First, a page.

Book Description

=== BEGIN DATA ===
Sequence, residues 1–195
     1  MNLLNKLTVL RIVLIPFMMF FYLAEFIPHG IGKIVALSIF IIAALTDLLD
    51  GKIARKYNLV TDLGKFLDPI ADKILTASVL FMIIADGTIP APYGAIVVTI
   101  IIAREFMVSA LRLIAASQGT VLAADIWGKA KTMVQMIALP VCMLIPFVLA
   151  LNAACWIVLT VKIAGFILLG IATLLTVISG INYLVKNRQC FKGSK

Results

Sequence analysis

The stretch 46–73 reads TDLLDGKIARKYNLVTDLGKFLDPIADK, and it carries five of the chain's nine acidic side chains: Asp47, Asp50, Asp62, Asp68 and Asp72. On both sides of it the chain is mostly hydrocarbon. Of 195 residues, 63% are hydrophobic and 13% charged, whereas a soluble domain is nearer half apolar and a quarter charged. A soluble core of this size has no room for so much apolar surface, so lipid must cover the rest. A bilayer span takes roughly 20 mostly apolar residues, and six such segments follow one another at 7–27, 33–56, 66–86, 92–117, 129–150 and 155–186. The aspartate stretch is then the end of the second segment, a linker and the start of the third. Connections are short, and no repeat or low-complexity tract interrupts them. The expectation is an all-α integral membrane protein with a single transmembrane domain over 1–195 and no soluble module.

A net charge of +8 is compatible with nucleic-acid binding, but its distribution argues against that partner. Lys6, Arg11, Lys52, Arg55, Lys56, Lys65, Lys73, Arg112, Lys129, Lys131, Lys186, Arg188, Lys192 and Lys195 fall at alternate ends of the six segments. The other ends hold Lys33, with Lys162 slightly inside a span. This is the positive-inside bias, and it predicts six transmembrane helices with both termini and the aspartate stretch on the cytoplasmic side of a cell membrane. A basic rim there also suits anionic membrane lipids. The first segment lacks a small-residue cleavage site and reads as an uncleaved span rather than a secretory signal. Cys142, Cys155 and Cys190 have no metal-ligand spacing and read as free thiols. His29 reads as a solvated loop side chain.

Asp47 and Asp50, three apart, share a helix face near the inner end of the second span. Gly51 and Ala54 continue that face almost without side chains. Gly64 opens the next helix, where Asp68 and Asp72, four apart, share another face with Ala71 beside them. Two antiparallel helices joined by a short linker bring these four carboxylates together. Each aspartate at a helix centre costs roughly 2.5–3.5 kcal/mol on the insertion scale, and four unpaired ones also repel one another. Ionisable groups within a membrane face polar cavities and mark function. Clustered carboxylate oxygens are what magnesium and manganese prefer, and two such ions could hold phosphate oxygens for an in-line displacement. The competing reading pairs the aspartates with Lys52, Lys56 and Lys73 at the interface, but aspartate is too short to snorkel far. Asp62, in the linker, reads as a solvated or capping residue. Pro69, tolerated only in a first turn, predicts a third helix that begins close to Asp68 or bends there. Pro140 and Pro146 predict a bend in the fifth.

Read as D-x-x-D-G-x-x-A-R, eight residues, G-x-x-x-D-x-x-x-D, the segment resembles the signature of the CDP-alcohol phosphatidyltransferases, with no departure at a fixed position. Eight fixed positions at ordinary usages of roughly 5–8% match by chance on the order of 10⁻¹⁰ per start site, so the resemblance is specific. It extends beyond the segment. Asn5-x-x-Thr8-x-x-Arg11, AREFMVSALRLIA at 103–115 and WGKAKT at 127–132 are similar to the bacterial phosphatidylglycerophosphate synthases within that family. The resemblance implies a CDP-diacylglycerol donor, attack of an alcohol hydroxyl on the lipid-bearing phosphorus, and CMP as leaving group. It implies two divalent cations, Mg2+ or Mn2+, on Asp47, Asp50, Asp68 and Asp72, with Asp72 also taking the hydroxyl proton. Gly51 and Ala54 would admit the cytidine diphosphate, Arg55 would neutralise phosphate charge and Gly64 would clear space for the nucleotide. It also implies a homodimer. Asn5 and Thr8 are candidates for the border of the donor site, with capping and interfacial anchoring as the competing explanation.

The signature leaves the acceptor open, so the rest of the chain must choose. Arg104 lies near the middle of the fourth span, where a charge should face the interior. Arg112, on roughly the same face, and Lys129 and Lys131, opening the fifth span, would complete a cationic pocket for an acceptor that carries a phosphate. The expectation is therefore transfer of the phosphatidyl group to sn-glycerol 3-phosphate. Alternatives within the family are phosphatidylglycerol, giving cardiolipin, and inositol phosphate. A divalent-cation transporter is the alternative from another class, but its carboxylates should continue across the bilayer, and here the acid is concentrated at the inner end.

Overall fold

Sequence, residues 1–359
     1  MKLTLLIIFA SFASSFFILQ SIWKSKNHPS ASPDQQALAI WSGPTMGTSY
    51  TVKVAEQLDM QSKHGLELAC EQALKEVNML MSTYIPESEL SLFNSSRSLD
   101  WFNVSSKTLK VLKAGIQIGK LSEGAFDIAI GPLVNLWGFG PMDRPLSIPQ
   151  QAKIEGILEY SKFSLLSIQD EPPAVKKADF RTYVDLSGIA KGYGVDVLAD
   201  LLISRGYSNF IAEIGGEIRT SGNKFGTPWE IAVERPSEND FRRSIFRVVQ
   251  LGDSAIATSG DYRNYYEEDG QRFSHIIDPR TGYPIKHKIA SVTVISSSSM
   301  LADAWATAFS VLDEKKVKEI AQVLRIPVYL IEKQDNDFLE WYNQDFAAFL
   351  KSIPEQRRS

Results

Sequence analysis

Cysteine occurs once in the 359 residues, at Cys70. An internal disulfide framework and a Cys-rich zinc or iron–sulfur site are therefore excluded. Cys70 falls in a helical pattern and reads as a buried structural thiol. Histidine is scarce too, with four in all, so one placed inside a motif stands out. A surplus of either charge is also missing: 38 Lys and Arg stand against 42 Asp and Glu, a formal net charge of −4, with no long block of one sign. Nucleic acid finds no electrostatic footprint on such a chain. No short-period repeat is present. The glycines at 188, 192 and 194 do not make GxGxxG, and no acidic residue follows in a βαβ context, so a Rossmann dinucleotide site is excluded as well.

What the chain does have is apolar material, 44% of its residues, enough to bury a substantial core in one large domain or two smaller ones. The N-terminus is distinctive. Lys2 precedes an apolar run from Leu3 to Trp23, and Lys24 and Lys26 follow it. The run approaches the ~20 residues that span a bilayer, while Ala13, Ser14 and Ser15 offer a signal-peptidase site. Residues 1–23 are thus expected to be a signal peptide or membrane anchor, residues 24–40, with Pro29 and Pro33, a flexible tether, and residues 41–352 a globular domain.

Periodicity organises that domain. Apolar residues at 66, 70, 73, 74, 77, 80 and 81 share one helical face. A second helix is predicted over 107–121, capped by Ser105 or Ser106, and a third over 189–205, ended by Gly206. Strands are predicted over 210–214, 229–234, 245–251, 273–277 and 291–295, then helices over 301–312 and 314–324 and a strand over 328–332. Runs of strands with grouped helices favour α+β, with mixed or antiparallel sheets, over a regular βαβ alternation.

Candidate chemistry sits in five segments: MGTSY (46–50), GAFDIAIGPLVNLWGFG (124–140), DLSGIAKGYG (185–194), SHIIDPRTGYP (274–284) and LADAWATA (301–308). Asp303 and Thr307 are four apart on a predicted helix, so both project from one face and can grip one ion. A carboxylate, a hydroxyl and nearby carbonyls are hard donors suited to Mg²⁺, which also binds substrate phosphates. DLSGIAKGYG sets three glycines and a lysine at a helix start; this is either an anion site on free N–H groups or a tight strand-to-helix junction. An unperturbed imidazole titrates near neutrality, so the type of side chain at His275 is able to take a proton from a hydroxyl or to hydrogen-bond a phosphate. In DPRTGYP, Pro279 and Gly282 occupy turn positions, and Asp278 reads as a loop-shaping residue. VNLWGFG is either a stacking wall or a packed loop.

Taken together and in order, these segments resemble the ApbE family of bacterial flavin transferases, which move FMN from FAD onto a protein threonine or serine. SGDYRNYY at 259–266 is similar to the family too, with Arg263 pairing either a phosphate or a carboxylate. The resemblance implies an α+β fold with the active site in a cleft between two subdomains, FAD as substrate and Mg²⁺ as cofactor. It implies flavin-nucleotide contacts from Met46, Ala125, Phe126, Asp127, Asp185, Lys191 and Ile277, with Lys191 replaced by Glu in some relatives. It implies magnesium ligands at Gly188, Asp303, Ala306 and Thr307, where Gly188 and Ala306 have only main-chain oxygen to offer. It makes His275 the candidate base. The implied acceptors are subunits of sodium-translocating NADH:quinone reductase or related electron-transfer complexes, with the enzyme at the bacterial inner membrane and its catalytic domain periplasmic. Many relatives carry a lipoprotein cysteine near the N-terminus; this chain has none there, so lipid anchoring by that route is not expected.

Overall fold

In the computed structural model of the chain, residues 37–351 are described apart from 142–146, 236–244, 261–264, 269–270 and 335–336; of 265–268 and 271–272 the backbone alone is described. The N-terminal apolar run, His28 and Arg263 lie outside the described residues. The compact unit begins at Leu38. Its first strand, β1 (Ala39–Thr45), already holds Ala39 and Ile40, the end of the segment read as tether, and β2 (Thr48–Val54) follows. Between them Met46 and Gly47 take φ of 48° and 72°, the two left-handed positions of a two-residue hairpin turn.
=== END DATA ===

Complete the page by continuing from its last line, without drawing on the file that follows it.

From Publishers Weekly The first 60,000 copies of Irish thriller master Connolly's fifth Charlie Parker novel [arrived] signed, and with a CD. (The latter [featured] tracks that either [played] a role in his darkly atmospheric novels, or [were] favored by their characters: everything from Kate Bush to Neko Case.) But fans won't need that much enticement to pick up his latest set of intricately plotted forays into the violent world of the undead. Parker has settled in Maine, still mourning his murdered wife and child while attempting devotion to his new partner, Rachel, and their infant daughter, Sam. At Sam's christening, Parker's sometime collaborator Louis receives an uninvited guest from New York: his aunt, distraught at the disappearance of her daughter, Alice, an NYC prostitute. It doesn't take much to draw an ambivalent Parker back into the game, and soon he's in New York and stumbling onto clues regarding the Black Angel, a statue associated with a Czech ossuary and sought by various evildoers for centuries?or perhaps a living, bloodthirsty spirit. Trips to the Czech Republic and elsewhere ensue as Parker seeks to know this latest face of evil. Connolly delivers a very intense blend of Parker's authentic soul searching and of his own distinctive, moody grue.(June) Copyright ? Reed Business Information, a division of Reed Elsevier Inc. All rights reserved. --This text refers to an out of print or unavailable edition of this title. Read more From Booklist In the fifth Charlie Parker novel, the private investigator, recently remarried (after the murders of his wife and child), has been trying to pull his life back together. But when his partner's cousin goes missing, Parker can't avoid getting back in the game. And when he realizes the young woman's disappearance is connected to an older, darker mystery, he once again is forced to risk life and sanity in a desperate good-versus-evil battle. Connolly, who resides in Ireland but writes about the U.S. like he's lived there all his life, once again blends the -private-eye novel and the supernatural thriller in a way that's altogether unique. Parker himself, one of the genre's more disturbed heroes, is a complex creation whose depths have still, even through five novels, been barely explored. The Charlie Parker novels are not for everyone (especially those who like their private-eye yarns unencumbered by philosophical or theological overtones), but Connolly has been building a cadre of devoted fans who clamor for his edgy take on the genre. David PittCopyright ? American Library Association. All rights reserved --This text refers to an out of print or unavailable edition of this title. Read more See all Editorial Reviews